Following on from the Nordic example, we now have some more examples coming in from the Sun Belt states of the U.S. Most tend to be politically conservative with Republican governors and have therefore — in the polarized U.S. political environment — opted to reopen earlier and with more enthusiasm than other states. The philosophy behind doing so was to boost the economy. But the evidence from a study by Deutsche Bank AG, using data from Johns Hopkins University, suggests that early reopenings have had exactly the opposite effect. This chart maps changes in consumer spending on the vertical axis against the rate of increase in Covid cases on the horizontal axis. The states with the fastest-rising Covid problem, led by Arizona, are seeing very slow growth in consumption.

The relationship isn’t strong, but there is plainly no economic advantage to an early reopening: When we do the same exercise for restaurants, possibly the sector most directly affected by Covid, the effect is more dramatic. Governors can make big political gestures and tell people they are free to go back to restaurants, but people won’t go if they are worried this will make them sick:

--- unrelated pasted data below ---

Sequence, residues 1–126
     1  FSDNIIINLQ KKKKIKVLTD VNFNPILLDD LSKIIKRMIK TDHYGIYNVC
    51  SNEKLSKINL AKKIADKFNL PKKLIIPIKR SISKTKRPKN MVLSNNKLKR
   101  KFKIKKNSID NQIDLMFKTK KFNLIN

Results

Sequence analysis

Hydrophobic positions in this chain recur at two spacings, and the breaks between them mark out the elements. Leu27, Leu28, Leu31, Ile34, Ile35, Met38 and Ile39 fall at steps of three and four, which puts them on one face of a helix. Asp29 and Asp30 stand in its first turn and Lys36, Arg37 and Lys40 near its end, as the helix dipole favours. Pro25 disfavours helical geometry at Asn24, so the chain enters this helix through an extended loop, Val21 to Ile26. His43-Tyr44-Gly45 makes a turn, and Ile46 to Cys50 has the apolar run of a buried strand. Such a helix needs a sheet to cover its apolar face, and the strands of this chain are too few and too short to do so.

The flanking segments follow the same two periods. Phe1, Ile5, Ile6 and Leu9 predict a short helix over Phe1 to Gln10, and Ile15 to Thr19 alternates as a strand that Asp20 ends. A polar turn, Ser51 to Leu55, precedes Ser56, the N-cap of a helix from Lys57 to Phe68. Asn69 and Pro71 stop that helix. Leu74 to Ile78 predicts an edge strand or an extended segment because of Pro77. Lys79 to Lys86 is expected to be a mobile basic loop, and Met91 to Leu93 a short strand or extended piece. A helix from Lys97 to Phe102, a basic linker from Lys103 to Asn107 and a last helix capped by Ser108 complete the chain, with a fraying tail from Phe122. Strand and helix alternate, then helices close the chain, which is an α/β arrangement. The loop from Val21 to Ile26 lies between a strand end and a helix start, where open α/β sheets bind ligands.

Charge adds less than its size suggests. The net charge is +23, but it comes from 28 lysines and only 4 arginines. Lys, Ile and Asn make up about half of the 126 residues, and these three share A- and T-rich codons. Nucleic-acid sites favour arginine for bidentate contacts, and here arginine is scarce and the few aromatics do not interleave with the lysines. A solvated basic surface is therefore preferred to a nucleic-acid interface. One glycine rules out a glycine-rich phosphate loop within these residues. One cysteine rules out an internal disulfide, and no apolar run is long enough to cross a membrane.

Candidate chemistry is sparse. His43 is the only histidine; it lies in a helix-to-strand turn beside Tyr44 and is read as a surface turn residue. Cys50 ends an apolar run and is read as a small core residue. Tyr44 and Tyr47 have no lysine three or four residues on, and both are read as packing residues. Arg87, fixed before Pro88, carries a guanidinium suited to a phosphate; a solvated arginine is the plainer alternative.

The bottom line is that the virus needs to be controlled, possibly by means short of a compulsory lockdown that infringes on civil and economic liberties, if economic damage is to be avoided. There are significant differences between the approaches taken by Sweden and the U.S. Sun Belt states, and they have different political ideas behind them. What they appear to have in common is that they were meant to avoid economic pain, and failed to do so.  A further corollary from this is that it is reasonable for investors to react negatively to news of viral spread, and to bid up economies where the virus appears to be under control. In the final analysis, that at present appears to mean the economies of the EU are better positioned to grow than the U.S.